Urbanization Altered Bacterial and Archaeal Composition in Tidal Freshwater Wetlands Near Washington DC, USA, and Buenos Aires, Argentina
Gonzalez Mateu, Martina
Park, Cedric Evan
McAskill, Cullen Patrick
Baldwin, Andrew H.
Yarwood, Stephanie A.
Gonzalez Mateu, M.; Park, C.E.; McAskill, C.P.; Baldwin, A.H.; Yarwood, S.A. Urbanization Altered Bacterial and Archaeal Composition in Tidal Freshwater Wetlands Near Washington DC, USA, and Buenos Aires, Argentina. Microorganisms 2019, 7, 72. doi: https://doi.org/10.3390/microorganisms7030072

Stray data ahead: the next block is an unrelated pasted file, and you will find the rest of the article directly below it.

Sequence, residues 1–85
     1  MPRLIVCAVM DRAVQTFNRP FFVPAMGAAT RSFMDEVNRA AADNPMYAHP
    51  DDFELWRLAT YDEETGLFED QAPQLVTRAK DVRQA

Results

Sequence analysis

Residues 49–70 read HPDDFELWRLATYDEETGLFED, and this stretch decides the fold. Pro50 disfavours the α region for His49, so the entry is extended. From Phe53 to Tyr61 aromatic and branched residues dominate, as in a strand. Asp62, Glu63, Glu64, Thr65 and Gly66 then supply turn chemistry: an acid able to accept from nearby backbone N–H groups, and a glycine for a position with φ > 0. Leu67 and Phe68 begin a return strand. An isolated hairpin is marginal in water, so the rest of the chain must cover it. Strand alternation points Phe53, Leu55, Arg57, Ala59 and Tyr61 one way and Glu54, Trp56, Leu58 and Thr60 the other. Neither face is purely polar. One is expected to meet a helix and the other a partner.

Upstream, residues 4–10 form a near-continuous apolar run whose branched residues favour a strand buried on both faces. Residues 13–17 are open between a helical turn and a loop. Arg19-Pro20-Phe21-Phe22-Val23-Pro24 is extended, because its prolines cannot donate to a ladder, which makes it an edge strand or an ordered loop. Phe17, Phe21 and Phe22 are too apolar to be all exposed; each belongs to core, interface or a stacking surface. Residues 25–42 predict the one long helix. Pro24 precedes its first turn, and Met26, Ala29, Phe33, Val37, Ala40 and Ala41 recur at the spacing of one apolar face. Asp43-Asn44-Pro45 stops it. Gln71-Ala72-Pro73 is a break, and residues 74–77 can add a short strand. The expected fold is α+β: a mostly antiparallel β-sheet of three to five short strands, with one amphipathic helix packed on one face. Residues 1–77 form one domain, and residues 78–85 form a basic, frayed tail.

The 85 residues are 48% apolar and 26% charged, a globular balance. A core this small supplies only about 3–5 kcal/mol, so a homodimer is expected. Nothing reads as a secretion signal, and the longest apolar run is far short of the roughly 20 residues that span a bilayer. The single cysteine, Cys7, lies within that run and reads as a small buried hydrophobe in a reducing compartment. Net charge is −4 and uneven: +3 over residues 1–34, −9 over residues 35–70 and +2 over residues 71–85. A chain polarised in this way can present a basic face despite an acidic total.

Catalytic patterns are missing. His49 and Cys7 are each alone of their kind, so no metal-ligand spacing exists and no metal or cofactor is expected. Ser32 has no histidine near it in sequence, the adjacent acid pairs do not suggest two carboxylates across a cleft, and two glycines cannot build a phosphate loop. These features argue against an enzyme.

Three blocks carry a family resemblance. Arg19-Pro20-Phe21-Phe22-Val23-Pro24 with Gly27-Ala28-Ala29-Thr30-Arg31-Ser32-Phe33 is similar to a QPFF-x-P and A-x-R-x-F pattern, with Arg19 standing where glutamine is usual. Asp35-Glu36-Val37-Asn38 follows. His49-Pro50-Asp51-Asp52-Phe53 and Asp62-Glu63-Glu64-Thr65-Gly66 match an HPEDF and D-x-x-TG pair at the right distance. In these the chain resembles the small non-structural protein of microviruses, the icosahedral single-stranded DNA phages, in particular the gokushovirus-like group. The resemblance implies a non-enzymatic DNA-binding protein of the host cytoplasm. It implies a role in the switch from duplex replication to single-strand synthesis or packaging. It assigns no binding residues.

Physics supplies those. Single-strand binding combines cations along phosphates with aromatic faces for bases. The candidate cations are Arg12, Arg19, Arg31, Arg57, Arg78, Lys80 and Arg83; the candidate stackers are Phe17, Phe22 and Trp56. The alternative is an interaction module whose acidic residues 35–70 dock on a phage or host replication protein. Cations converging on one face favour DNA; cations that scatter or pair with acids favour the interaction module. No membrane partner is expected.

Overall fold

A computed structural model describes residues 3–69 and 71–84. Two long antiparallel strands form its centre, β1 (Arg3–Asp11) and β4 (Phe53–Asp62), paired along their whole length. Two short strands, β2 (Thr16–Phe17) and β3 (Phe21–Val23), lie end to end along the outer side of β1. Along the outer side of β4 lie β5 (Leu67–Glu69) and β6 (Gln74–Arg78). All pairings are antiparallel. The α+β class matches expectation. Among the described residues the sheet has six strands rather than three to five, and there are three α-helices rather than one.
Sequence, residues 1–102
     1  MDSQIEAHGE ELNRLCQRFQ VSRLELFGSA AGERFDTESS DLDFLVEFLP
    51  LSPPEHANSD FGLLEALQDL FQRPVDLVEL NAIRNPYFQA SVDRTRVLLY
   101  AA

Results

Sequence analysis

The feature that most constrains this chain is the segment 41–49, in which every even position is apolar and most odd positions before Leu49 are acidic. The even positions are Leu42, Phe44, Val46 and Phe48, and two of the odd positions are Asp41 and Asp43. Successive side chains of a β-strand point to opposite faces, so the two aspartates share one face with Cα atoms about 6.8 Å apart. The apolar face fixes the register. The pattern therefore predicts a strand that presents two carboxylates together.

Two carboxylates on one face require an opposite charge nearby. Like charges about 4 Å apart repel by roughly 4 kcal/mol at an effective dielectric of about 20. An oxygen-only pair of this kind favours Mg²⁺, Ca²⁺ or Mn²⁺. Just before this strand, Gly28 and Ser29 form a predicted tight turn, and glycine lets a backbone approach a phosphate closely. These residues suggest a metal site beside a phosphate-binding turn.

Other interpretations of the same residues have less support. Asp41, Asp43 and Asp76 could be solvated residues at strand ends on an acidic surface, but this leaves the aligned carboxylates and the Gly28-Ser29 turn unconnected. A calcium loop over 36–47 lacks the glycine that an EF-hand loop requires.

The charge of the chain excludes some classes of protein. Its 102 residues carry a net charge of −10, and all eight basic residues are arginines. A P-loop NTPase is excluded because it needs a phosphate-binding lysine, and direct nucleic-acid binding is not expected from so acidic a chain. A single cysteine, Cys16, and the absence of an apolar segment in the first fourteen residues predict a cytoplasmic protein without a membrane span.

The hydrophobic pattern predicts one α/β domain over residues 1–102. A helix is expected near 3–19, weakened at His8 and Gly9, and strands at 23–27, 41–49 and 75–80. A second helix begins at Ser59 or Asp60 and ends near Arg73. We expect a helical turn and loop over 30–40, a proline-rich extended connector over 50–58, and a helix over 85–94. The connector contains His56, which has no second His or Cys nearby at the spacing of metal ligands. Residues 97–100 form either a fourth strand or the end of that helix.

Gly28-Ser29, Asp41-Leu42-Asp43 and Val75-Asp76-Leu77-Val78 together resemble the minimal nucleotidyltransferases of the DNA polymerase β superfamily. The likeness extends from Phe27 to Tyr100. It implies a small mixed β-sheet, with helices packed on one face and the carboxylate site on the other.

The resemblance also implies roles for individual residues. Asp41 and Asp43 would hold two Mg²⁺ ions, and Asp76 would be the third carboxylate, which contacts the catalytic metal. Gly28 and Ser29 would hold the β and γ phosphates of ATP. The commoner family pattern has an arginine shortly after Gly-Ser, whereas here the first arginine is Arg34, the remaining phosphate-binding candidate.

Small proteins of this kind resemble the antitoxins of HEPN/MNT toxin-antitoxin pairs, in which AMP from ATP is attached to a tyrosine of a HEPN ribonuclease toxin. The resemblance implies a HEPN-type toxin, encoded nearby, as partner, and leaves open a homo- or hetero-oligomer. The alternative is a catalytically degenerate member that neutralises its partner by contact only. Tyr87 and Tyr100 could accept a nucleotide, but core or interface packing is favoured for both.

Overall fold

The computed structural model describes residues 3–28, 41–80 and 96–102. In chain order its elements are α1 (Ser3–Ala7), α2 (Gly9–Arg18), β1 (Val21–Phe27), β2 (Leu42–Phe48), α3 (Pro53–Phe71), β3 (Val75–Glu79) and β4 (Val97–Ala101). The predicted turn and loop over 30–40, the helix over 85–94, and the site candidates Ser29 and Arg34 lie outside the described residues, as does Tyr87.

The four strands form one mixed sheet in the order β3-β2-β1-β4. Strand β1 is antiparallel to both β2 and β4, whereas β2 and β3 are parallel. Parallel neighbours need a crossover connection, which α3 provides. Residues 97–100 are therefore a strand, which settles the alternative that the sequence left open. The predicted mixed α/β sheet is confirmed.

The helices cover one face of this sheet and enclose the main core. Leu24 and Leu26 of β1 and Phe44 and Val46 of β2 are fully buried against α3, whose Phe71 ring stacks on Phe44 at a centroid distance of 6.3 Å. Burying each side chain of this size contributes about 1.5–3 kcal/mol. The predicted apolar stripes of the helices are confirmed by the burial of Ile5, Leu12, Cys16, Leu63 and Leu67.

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Urban expansion causes coastal wetland loss, and environmental stressors associated with development can lead to wetland degradation and loss of ecosystem services. This study investigated the effect of urbanization on prokaryotic community composition in tidal freshwater wetlands. Sites in an urban, suburban, and rural setting were located near Buenos Aires, Argentina, and Washington D.C., USA.We sampled soil associated with two pairs of functionally similar plant species, and used Illumina sequencing of the 16S rRNA gene to examine changes in prokaryotic communities. Urban stressors included raw sewage inputs, nutrient pollution, and polycyclic aromatic hydrocarbons. Prokaryotic communities changed along the gradient (nested PerMANOVA, Buenos Aires: p = 0.005; Washington D.C.: p = 0.001), but did not differ between plant species within sites. Indicator taxa included Methanobacteria in rural sites, and nitrifying bacteria in urban sites, and we observed a decrease in methanogens and an increase in ammonia-oxidizers from rural to urban sites. Functional profiles in the Buenos Aires communities showed higher abundance of pathways related to nitrification and xenobiotic degradation in the urban site. These results suggest that changes in prokaryotic taxa across the gradient were due to surrounding stressors, and communities in urban and rural wetlands are likely carrying out different functions.
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